The IRTE Skills Challenge will be marking its 10th year in 2020. routeone finds out what the industry can look forward to seeing then
The IRTE Skills Challenge has firmly cemented itself as an essential date in operator’s diaries.
Over the years the Challenge has gained support and high praise from the Confederation of Passenger Transport, Traffic Commissioners, DVSA and industry-leading suppliers.
Next year the Skills Challenge is set to return stronger than ever as it gears up to celebrate its 10th year in recognising and awarding the coach and bus industry’s engineers.
Turning 10 next year, it came about as the Institute of Road Transport Engineers (IRTE), the professional sector of the Society of Operations Engineers (SOE), was looking for an opportunity to promote and acknowledge the excellent work that goes on in the coach and bus industry.
“The engineers tend to fall into the industry and then just get on with their jobs,” Daniel Moir, Chief Operating Officer of Society of Operations Engineers, says. “But what we wanted to do was give them opportunity to showcase best practice and recognise the shining lights of the sector.”
Every year in June, S&B Automotive Academy in Bristol plays host to the Challenge.
S&B Automotive has been a supporter of the Skills Challenge since the very beginning and has seen it flourish into a key industry event.
Richard Belton, Training and Education Director at S&B Automotive, says: “We were approached with just six weeks’ notice by IRTE to see if we could host it – we said yes straight away.”
New for 2020
Testing covers three areas mechanical, electrical, body. There is an aim for next year to introduce new tests which look at alternative fuels.
When taking part, not only do engineers gain a title, but there are also prizes up for grabs for all winners and runners up, provided by supporter of the IRTE, Teng Tools. Prizes are awarded in 13 categories.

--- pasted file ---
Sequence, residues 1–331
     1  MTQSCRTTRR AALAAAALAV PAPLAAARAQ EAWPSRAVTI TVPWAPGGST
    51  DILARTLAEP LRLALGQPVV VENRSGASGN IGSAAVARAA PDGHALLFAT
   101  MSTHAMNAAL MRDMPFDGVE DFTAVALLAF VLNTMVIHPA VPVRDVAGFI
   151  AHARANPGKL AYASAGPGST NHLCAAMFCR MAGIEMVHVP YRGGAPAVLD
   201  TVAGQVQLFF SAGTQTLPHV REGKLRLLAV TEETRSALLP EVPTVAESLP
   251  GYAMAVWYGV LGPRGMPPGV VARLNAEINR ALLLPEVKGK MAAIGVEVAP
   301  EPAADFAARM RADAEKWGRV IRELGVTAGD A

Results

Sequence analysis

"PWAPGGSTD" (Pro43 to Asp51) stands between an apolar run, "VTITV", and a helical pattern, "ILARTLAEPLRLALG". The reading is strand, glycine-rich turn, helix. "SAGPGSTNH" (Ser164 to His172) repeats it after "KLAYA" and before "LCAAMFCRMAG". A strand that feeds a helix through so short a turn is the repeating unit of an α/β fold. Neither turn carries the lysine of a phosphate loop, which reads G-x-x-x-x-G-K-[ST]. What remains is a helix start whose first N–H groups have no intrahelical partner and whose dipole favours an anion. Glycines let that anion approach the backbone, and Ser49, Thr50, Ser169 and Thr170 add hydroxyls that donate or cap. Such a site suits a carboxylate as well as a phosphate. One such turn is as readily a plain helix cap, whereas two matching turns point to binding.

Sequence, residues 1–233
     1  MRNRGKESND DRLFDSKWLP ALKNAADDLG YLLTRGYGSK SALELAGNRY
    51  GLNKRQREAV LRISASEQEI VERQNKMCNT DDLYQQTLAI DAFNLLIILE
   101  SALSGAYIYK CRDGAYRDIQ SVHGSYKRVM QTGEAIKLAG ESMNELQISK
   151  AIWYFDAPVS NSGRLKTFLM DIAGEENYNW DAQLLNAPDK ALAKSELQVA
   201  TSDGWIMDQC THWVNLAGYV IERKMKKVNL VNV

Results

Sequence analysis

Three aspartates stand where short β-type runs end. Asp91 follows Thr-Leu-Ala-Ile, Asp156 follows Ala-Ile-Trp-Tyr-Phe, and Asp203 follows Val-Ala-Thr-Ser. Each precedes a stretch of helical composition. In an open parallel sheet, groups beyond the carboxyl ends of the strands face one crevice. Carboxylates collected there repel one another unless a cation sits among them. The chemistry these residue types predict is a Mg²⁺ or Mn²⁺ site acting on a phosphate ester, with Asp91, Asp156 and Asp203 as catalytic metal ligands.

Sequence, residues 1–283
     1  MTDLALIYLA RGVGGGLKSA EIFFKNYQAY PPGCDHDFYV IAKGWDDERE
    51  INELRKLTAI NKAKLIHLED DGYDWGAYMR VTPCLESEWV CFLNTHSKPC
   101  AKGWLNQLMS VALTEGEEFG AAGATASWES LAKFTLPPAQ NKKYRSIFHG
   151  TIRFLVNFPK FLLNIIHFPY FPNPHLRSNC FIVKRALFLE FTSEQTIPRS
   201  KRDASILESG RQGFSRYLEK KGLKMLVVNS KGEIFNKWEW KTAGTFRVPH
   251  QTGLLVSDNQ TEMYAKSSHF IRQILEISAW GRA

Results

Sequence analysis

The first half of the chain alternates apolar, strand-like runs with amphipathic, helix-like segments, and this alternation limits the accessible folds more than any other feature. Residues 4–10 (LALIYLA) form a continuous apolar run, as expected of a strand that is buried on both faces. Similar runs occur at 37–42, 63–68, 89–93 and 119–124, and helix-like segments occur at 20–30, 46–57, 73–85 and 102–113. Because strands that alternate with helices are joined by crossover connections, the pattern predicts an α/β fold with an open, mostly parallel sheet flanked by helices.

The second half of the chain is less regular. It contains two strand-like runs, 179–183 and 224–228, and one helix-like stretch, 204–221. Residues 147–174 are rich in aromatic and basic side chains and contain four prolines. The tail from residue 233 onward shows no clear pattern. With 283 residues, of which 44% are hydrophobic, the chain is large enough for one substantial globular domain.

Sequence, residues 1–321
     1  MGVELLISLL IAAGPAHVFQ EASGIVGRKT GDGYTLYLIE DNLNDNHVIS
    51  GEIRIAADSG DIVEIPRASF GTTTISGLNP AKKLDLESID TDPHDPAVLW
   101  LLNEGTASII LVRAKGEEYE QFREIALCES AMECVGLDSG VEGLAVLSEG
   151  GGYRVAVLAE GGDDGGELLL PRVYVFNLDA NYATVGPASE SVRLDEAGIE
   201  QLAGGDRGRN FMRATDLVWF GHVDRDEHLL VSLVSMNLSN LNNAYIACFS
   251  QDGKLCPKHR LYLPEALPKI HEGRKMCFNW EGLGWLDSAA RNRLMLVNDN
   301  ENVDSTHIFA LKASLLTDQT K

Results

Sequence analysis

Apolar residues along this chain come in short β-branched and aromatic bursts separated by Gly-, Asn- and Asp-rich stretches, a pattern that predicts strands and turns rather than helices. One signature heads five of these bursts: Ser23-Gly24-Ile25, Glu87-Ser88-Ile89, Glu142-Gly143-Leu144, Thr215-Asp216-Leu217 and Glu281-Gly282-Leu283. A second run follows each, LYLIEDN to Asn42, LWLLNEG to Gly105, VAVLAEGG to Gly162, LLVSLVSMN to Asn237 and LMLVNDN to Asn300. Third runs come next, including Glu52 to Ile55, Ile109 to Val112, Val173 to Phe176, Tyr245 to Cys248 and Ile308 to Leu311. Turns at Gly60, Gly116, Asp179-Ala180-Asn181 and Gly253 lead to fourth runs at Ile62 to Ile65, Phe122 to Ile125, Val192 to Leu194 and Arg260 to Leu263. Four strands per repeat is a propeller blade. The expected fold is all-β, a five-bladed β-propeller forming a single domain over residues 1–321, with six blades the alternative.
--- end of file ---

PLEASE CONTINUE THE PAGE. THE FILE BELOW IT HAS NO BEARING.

Next year, however, IRTE Skills Challenge would like to launch at least one new category. It will be similar to the current Masters category the Challenge currently has for the qualified technicians, but this one will be for apprentices.
2020 will also see additional prizes, in the form of an experience day, be given for winning qualified and apprentices teams as well as the Masters winner and mecelec winner.
The IRTE Skills Challenge has come a long way since its inception in 2010 and its partners and supporters are looking forward to the Challenge’s bright future.
“Number 10 will definitely be bigger than the previous ones and I don’t see why it can’t continue to grow, progress and evolve in the same way,” says Richard.
Daniel adds: “We are incredibly proud of the skills challenge, what it does and what it represents.
“It allows us to work very closely with market leaders in the industry and everyone who supports it should all be incredibly proud of themselves; they are leading examples of compliance and safety in the industry.
“We’re delighted that we made this milestone and we look forward to the next 10 and beyond.”
Entry for the 10th anniversary edition of the Challenge will be open from January 2020 but, if you wish to register your interest now, email firstname.lastname@example.org
Q&A: David Leslie (Lothian)
Skills Challenge Masters winner
How did it feel to win the Skills Challenge Masters award?
It felt fantastic to win. It made all my years of hard work and study worthwhile.
Would you recommend the Skills Challenge to others?
I would definitely recommend it. It’s a great way to test your skills and challenge yourself.
Why do you think the Challenge is important to the industry?
It’s important for the industry to showcase what goes on behind the scenes of the transport industry and the people that keep the wheels turning.
What do you like about the Skills Challenge?
That it shows off the best the industry has to offer.
What would you like to see in the future from the Skills Challenge?
I would like to see it continuing the same as they are doing a great job.